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Ultimately the problem was ownership of the land was concentrated in too few hands relative to the number of people whose existence depended on access to that land.  

what do you mean, "the problem was" ?

:-)

it still is The Problem, the irreducible problem.  the commons privatised into the hands of an elite who often find it more "profitable" to create scarcity by various means -- diverting subsistence productivity to cash cropping for wealthy foreigners, allowing prime farmland to lie uncultivated (while we spend megajoules cultivating marginal and inaccessible land, clearing rainforest to get more land), etc.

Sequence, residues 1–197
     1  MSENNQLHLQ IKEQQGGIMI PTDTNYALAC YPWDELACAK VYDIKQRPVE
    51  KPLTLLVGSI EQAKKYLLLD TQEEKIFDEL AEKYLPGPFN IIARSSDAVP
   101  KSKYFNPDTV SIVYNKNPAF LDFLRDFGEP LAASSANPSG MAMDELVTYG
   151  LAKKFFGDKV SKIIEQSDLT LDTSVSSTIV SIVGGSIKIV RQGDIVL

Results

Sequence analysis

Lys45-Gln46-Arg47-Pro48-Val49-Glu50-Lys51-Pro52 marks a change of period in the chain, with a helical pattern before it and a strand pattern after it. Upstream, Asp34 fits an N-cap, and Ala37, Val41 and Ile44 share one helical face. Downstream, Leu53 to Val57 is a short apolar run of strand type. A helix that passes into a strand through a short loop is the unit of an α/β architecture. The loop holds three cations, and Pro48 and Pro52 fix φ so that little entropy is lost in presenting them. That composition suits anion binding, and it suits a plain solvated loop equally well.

seems to me from my very limited understanding of the events in Spain that they were somewhat parallel to those documented more recently in "The Take" -- workers occupying and restarting factories that had been closed down by the owners.

hmmm random musings... whether by overproduction, market glut and the resulting need to foster a kind of hot-house consumerism, or by the shutting down and idling of essential resources, it seems like capitalism produces perverse incentives that decouple productivity from any sane relationship to human need...  lurching from one inappropriate extreme to another (kind of like a hyped-up climate with too much heat injected into it)...   when people produce for themselves, productivity is intimately tied to need:  you don't make 20 pairs of shoes if you only need one, and you don't make glittery high heels if you need barn shoes.    and you certainly don't grow ethanol crops for the car if your kids need real food.

The difference between theory and practise in practise ...

by DeAnander (de_at_daclarke_dot_org) on Fri Jul 6th, 2007 at 02:39:57 PM EST
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